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Enough Brexit fairytales. In the real world spending must increase | Phil McDuff

Leaving the EU won’t result in a bonanza for public services but neither will it plunge them into renewed austerity

Theresa May has spent the weekend trying to convince people that there is such a thing as a “Brexit dividend” with the dead-eyed look of a minimum-wage sales assistant trying to get you to sign up for the extended warranty. It’s obvious nonsense even she doesn’t believe in, but her job depends on going through the motions, so go through them she will.

May’s newly announced NHS spending promises come with the vaguest funding plans possible. She announced yesterday that “as a country taxpayers will need to contribute a bit more, but we will do that in a fair and balanced way,” which could mean almost anything. Mostly, though, she is relying on the notion that money we used to send to the EU will be freed up for other things. This claim has been comprehensively, utterly debunked ever since it first appeared on the side of Boris Johnson’s infamous bus. The Office for Budget Responsibility and the Institute for Fiscal Studies have both pointed out, again, that it won’t happen and has no relationship to reality. It’s a lie, and at this stage it’s not even a very good one.

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The Guardian view on the NHS cash plan: the Brexit dividend claim is a lie | Editorial

Theresa May is pandering to her pro-Brexit supporters. The important public finance issue, which is unresolved, is whether to raise taxes or abandon austerity – or both

When she was interviewed on Sunday’s BBC One Andrew Marr programme, Theresa May knowingly and dishonestly suggested that leaving the European Union was the central dynamic behind her new NHS spending pledges. Having started by saying she was determined to secure the NHS’s future, she immediately invoked the shoddy Brexit campaign bus slogan of 2016 with implied approval. Then she talked about the money Britain would save by leaving the EU; finally she deliberately spoke in ways that would lead any unwary listener to assume that a so-called “Brexit dividend” was the windfall that enabled her to make the new spending pledge. Characteristically, Boris Johnson was even more mendacious, calling the pledge “a down payment on the cash we will soon get back from our EU payments”.

All of this was a lie. It disgraces Mrs May to tell such a whopper. True, by the time that she gave her speech on NHS spending on Monday, her words were rather more circumspect; the essential deception nevertheless endured. “Some of the extra funding” will come from money that now goes to the EU, she said at London’s Royal Free Hospital, “but the commitment I am making goes beyond that Brexit dividend.” That is true with bells on, since the NHS pledge dwarves any future savings on the UK’s Brexit payments.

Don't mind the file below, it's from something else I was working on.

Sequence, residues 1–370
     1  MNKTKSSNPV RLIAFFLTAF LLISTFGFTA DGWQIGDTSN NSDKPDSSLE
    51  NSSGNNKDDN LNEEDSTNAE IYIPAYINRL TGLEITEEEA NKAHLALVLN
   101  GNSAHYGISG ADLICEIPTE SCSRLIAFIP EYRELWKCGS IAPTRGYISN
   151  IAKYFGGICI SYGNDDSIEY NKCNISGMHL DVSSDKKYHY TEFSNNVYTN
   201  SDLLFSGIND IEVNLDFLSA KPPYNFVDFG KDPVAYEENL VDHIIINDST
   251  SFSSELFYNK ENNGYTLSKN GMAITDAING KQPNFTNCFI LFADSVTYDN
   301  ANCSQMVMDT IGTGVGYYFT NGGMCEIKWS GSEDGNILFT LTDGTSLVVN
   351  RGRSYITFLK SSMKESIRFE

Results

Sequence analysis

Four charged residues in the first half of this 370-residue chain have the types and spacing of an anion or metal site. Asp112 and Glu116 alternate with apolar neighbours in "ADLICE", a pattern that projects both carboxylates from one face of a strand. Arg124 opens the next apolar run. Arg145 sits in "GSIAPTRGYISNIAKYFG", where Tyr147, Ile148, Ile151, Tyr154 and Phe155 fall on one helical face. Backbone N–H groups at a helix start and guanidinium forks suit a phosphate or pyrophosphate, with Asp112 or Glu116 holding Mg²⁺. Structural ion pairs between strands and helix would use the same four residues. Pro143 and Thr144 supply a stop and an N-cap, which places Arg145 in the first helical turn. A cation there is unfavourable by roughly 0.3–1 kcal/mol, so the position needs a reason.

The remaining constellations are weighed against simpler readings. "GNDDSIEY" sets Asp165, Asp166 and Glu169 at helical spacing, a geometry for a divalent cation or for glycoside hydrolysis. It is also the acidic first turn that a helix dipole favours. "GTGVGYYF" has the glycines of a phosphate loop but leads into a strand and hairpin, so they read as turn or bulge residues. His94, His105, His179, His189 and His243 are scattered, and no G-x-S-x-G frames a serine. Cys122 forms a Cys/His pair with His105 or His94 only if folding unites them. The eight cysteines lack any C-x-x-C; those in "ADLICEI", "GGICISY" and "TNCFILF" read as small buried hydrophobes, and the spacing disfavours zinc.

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Sustainability: the invisible common ground between the Italian problem and reforms in Europe

According to Marc Brightman, the problems of migration and economic stagnation, often referenced as the causes of the votes for Brexit or populist parties in Italy, should be treated together as part of a single problem of sustainability. An opportunity…

Understanding populism: What role do crises play in the growth of Euroscepticism?

Three distinct crises have hit the European Union in the last decade: the Great Recession, the migration crisis, and Brexit. As Andrea L. P. Pirro explains, there has been a widespread assumption that populist parties with Eurosceptic profiles have been the main political beneficiaries from these crises. But there still remains much to be understood about what populists make out of such crises, as well as their impact on Euroscepticism.

The waking of the populist giant has become a contemporary mantra. Since the breakout of the Great Recession, non-academic observers have often subscribed to alarmist views regarding a populist backlash in advanced democracies. But various kinds of populist forces have in fact become permanent fixtures of European party systems over the past two decades, suggesting a more balanced outlook on the relationship between populism and ‘crisis’ is called for.

A recent cross-national study covering 17 European countries has already cast doubt on the notion of clear and homogenous elements propelling the fortunes of populist parties in the shadow of the Great Recession. And yet, addressing crises as mere background conditions seems to tell us little about what populists actually make out of such crises. A forthcoming special issue of Politics, guest-edited by Paul Taggart, Stijn van Kessel, and myself, specifically delves into the relationship between populism, Euroscepticism, and crisis.

Featured image credit: Thomas L. (CC BY-NC-ND 2.0